It takes more than good intentions to transform the South. It takes money.
What the hell is a Scalawag?
As we close out the 2020 election, the As The South Votes team reflects on their own political journeys—as journalists, and as active agents of change in democracy.
Editor's note: This election cycle, As The South Votes was Scalawag's answer to traditional horserace election coverage. Each week's reporting—by the three amazing contributors you'll hear from below—was inspired by messages we received from you, our readers.
Throughout this process, we saw that many of your questions didn't come with easy answers. Your concerns, curiosities, and need for ongoing conversation and context amidst the chaos are what fueled our reporting.
But our own identities did too.
At Scalawag, we believe in producing news that is grounded in the experiences of oppressed people. That means working with journalists who are proud to be stakeholders in conversations about the intersections of race, religion, history, and politics. While a recent wave of stories about justice and liberation may have just reached mainstream appeal—we are not new to this. Stories of liberation and mobilization have always been a founding principle of our work, because telling the story of the whole South means knowing justice is not a trend—it has always been an organized vision with a rich and complex history. To close out the 2020 election period, we wanted to share some of our own stories of activation—as journalists, and as agents of change. —Lovey Cooper, Managing Editor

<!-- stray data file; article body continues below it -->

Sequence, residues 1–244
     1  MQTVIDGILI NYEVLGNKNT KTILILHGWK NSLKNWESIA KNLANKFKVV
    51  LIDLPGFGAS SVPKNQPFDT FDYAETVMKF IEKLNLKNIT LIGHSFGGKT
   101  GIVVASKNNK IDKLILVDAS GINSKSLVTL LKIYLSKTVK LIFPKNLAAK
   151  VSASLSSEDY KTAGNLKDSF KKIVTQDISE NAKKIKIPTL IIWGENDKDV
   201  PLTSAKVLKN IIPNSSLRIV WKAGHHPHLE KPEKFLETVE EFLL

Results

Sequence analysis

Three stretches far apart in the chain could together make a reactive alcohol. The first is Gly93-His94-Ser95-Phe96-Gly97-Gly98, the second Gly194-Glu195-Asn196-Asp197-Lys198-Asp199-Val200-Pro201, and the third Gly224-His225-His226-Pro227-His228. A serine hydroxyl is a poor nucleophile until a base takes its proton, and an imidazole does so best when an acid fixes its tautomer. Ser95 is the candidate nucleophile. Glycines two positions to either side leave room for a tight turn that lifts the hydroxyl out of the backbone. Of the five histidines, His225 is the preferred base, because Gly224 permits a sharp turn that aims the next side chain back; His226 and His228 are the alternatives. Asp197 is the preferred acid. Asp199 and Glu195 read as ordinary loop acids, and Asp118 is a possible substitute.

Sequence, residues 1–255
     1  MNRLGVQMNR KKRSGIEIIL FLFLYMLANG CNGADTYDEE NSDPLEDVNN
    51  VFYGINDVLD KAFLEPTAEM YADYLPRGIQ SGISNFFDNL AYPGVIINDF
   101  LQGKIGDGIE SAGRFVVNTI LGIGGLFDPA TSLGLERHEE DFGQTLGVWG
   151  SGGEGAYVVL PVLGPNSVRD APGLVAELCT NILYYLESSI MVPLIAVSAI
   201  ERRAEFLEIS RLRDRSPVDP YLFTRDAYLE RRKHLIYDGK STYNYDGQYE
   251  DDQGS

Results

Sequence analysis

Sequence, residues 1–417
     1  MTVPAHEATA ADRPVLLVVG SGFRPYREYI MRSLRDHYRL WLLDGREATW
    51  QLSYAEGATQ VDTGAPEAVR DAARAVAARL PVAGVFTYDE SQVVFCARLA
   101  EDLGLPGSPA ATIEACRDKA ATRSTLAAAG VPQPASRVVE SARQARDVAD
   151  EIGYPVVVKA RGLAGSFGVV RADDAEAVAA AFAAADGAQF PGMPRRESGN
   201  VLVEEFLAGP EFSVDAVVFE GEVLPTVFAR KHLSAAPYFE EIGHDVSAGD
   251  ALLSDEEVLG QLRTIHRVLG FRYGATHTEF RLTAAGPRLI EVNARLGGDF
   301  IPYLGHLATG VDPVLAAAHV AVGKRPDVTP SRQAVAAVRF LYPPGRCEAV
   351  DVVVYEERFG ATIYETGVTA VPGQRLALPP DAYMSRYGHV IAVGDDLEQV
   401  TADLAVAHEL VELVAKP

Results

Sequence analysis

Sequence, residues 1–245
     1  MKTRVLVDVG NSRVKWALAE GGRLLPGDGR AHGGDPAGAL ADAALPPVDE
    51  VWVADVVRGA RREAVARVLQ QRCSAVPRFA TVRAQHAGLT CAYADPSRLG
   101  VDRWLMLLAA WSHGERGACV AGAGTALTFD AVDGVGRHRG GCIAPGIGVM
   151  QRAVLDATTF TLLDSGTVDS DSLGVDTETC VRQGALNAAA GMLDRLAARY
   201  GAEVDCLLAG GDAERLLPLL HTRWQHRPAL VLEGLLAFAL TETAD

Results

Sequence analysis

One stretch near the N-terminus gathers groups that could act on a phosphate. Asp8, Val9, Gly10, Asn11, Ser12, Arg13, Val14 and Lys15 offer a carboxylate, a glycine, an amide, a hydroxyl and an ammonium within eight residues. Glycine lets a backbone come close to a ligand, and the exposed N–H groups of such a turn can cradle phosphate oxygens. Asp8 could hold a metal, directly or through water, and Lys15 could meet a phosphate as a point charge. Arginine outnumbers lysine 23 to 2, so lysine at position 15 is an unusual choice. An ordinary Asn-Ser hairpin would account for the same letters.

"Like most Southern churchgoers, our happiest moments were made around food, and our summer evening trips to the Goodberry's Frozen Custard stand after worship team practice. But on March 5, 2012, everything changed."
The 2020 election solidified the rise of a new power in the South with a clarion call toward justice and equity for all. The emerging values that are centered in direct, year-round organizing also need to be reflected in the way media coverage operates and exists.
Although the conversation of whether journalism is—or should be—"unbiased" is hopefully nearing consensus and extinction, implicit policies of nonvoting in newsrooms can intimidate young, would-be politically active people to keep quiet at the risk of their livelihoods in the media.